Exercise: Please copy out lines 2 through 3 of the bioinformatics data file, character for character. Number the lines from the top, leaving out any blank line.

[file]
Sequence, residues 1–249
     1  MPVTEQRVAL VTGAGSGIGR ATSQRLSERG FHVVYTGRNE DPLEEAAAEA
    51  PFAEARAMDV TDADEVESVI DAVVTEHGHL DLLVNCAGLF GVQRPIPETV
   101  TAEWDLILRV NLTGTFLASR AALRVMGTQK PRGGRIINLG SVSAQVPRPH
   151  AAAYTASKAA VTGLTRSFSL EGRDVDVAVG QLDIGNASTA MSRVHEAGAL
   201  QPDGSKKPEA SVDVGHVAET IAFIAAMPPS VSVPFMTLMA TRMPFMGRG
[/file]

     1  MPVTEQRVAL VTGAGSGIGR ATSQRLSERG FHVVYTGRNE DPLEEAAAEA
    51  PFAEARAMDV TDADEVESVI DAVVTEHGHL DLLVNCAGLF GVQRPIPETV